I was reading wikipedia, and it says
Cryptographic hash functions are a third type of cryptographic algorithm. They take a message of any length as input, and output a short, fixed length hash which can be used in (for example) a digital signature. For good hash functions, an attacker cannot find two messages that produce the same hash.
But why? What I understand is that you can put the long Macbeth story into the hash function and get a X long hash out of it. Then you can put in the Beowulf story to get another hash out of it again X long.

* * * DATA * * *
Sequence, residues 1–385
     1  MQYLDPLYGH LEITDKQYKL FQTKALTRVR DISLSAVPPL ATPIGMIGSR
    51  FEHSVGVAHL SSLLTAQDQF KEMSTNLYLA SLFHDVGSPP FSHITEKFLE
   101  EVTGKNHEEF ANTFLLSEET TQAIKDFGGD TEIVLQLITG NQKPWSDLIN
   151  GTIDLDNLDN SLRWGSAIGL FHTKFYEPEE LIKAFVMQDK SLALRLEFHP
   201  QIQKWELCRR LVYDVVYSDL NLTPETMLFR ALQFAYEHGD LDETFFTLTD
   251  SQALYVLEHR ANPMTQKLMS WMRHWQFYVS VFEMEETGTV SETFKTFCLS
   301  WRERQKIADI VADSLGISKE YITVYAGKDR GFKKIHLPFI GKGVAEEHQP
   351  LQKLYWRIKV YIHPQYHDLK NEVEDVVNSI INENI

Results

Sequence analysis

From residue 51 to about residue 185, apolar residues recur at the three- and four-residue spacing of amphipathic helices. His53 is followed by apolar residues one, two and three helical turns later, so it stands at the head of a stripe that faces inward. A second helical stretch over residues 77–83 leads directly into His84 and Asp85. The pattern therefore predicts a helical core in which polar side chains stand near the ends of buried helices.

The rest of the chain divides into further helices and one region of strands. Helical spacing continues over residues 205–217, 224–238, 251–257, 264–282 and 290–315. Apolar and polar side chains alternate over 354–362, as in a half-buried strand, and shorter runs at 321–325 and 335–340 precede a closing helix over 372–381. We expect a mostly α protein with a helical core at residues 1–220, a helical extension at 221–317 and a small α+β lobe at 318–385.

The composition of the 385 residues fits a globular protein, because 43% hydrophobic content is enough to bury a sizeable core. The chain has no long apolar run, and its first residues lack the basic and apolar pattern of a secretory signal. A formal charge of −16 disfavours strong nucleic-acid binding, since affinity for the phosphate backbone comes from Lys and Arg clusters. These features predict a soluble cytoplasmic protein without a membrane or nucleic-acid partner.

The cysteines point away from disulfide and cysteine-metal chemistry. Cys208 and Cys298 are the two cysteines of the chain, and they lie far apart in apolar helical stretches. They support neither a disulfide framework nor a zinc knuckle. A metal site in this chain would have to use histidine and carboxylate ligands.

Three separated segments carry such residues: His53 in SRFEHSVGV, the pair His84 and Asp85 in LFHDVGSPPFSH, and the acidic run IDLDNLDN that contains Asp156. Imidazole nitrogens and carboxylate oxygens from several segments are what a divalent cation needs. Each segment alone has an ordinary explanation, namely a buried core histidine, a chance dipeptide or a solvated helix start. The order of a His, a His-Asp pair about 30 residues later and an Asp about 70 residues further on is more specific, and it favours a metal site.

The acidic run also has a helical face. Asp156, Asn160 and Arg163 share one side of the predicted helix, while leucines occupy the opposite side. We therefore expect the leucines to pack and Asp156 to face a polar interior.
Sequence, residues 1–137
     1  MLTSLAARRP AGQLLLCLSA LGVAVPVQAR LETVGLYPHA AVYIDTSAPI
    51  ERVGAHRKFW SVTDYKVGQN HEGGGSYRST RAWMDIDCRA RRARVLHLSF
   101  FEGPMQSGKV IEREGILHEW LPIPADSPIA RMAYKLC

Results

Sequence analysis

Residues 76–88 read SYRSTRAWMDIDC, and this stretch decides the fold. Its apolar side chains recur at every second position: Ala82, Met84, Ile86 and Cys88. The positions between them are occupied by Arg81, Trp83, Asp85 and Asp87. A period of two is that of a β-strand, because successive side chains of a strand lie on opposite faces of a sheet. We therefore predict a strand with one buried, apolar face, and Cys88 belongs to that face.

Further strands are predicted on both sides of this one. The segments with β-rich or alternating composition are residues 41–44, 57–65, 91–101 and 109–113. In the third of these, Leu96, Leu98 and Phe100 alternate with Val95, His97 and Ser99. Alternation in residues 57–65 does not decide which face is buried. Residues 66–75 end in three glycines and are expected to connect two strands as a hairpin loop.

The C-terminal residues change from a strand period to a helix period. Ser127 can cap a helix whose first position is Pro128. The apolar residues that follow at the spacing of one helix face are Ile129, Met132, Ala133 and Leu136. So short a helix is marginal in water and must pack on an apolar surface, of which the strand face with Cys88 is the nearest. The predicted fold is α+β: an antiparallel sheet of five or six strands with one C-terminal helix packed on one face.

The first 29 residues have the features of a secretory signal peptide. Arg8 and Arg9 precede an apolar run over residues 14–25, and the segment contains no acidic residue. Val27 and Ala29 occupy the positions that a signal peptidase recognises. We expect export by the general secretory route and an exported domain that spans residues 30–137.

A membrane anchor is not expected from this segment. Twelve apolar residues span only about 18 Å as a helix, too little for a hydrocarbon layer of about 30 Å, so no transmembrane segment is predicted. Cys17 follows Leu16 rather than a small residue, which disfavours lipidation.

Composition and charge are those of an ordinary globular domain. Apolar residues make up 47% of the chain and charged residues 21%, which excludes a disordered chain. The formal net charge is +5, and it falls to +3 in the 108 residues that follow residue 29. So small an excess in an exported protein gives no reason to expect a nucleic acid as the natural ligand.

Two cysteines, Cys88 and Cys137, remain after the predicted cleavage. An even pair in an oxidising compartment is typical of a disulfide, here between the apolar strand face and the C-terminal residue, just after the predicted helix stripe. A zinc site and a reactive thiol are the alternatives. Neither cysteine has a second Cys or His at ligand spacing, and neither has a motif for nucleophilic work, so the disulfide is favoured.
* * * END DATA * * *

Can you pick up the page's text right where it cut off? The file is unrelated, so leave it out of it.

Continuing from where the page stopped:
So since this function maps loads of things into a shorter length, there is bound to be overlaps, like I might put in the story of the Hobit into the hash function and get the same output as Beowulf, ok, but this is inevitable right (?) since we are producing a shorter length output from our input? And even if the output is found, why is it a problem?
I can imagine if I invert it and get out Hobit instead of Beowulf, that would be bad but why is it useful to the attacker?